Irish ready to clean up in battle to retain ‘best fans’ title
Forget about football . . . real competition is to decide which team has the best supporters
For Republic of Ireland fans, at least, Euro 2016 is not all about football.
For many of them, in fact, it may not even be mainly about football.
The real competition, for which the tournament is only a front, is the unofficial one to decide which team has the best supporters.
And in this respect, at least, Ireland are the reigning European champions, or so we like to think.
The title was clinched, four years ago, on a memorable night in Gdansk: at the same game in which our actual football team was eliminated.
Even as Spain’s players were trouncing Ireland’s on the pitch, the Irish fans were going the moral equivalent of 4-0 up in the stands, thanks mainly to a spine-tingling rendition of the Fields of Athenry, to which the Spanish had no answer.
Our last fixture, against Italy, was a doubly dead rubber: the Italians don’t even enter the best supporters competition.
But having already secured the group, the Irish somehow maintained their intensity, and used the Italy game to establish themselves overall champions.
As with everything else about the Europe’s Best Supporters Competition, there are no official rules. You get points for partying, of course, and for singing in victory or defeat alike. Not being English always helps.
So, increasingly, does a capacity to create viral YouTube videos that get the message out to the world about what fun-loving scamps we all are.
But as with football itself, supporting is a competitive business at this level. And despite another promising start to a tournament, Irish fans are not having it all their own way at Euro 2016.
Before the tournament, for example, the French version of Slate magazine ran a feature on the extraordinary commitment of Turkish supporters.
Only this week, as an apparent afterthought, did it get around to a similar one on us (although it noted, encouragingly, that our viral hit videos were “too numerous” to list).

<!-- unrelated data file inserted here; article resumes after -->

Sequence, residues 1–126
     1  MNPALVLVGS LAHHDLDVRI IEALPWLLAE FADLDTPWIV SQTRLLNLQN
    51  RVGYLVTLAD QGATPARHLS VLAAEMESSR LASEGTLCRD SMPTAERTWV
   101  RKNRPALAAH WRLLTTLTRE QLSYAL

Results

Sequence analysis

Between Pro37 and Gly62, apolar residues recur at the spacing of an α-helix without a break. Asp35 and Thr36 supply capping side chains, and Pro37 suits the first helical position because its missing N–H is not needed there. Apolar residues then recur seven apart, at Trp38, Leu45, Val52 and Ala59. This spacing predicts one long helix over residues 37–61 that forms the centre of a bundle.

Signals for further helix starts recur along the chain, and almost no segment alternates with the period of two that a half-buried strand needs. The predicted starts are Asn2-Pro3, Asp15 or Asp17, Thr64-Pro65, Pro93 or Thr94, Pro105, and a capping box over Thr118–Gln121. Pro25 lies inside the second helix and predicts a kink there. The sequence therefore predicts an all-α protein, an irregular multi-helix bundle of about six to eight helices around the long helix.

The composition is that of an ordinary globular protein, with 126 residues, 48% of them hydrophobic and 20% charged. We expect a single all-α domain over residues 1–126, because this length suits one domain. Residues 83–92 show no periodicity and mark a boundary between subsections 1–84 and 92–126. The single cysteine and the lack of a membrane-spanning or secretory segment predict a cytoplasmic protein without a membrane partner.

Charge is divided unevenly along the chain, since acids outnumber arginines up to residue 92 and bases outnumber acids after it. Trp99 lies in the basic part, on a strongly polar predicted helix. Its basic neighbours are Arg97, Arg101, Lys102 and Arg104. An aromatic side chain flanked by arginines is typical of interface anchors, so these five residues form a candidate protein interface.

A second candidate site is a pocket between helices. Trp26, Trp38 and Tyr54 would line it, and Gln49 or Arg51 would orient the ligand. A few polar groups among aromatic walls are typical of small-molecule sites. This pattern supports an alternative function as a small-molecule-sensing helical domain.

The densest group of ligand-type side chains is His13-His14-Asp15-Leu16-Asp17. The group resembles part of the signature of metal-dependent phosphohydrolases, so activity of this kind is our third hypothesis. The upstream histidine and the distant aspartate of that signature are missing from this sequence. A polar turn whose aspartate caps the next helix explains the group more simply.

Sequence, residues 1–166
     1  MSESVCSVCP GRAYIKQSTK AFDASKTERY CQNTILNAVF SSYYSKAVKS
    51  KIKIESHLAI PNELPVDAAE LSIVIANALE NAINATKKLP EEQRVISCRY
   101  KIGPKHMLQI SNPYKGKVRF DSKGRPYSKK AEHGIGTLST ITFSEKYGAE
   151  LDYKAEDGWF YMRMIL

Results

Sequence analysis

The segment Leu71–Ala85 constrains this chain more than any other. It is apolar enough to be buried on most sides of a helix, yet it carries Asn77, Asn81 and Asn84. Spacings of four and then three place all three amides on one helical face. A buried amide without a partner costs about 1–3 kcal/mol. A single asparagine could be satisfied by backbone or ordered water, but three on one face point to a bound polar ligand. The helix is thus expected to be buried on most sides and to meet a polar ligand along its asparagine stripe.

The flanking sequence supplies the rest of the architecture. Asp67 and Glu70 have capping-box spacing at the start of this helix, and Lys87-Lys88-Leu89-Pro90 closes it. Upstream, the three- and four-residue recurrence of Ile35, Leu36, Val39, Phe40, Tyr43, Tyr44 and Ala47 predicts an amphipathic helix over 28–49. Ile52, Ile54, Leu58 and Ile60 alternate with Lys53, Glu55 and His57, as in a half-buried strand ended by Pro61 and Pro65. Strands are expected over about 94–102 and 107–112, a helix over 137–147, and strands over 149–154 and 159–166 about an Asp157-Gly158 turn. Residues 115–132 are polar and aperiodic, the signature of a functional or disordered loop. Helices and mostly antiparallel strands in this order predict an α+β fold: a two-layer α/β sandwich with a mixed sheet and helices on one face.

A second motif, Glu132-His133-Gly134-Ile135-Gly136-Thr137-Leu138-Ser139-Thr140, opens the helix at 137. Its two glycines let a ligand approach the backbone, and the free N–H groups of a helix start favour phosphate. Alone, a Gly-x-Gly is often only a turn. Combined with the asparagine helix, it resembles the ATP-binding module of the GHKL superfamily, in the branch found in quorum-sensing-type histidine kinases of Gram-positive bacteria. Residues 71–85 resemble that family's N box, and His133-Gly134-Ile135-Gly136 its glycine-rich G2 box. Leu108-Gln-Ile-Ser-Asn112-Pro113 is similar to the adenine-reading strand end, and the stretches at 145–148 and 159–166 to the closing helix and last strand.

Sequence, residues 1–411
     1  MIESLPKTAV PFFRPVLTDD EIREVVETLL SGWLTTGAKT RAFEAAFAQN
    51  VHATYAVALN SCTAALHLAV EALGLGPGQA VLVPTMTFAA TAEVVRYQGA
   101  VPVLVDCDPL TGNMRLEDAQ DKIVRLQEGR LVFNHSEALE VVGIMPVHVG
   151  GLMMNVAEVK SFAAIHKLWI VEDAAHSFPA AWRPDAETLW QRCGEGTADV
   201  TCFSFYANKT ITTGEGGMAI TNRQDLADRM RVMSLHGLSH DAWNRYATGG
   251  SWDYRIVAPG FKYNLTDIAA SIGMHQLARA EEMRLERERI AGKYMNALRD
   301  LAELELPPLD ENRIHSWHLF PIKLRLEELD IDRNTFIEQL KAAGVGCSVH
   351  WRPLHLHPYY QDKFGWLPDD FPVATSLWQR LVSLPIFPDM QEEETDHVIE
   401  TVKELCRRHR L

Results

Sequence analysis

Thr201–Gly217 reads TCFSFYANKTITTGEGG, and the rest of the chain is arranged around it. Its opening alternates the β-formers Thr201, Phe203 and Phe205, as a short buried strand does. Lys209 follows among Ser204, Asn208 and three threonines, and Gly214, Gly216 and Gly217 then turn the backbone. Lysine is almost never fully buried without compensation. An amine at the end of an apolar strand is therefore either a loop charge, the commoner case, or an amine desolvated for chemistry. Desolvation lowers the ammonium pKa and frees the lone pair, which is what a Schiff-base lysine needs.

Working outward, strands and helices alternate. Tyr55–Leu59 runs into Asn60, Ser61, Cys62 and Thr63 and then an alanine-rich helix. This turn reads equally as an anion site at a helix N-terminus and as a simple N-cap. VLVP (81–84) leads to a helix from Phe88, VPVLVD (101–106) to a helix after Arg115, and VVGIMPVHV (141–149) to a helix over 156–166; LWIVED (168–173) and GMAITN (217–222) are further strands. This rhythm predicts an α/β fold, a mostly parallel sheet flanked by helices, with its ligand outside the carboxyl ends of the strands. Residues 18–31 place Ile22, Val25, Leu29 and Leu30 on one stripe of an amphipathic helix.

Icelandic fans have also been getting some positive press here. So have the Albanians. And then there are the Swedes.
Martin O’Neill’s players were not the only ones who fought out a close encounter with Sweden in Paris last weekend.
Irish supporters were also under pressure for a period, faced with supporters who seemed equally numerous, at least as colourful, and – it had to be admitted – better looking than us.
That being so, with no-hopers Italy again awaiting in the last group game, another good result this weekend should clinch Group E, at least.
And no disrespect to the Belgians, from whom we expect a strong challenge (not really), it would be a surprise if we lose.
As for the overall tournament, tough as the competition is, there are encouraging signs that Irish fans are upping their performance levels and finding new ways to impress.
First there was the group who changed a tyre for an elderly couple. Then there was the one who serenaded the nun. Now, most dramatically of all, Irish fans have added voluntary street cleaning to their repertoire.
Yes, no sooner had Le Parisien newspaper highlighted complaints by Pigalle residents about the state of their neighbourhood on the mornings after the epic Irish parties than an another video emerged, this time of green-shirted supporters helping to collect discarded cans and bottles.
So it’s not just the Irish pubs of Paris that cleaned up, after all. And France (some of it, at least) is impressed.
If Irish fans can keep this sort of thing going, not only could they retain their Europe’s Best Supporters title, a mass conferring of the Legion d’Honeur cannot be ruled out.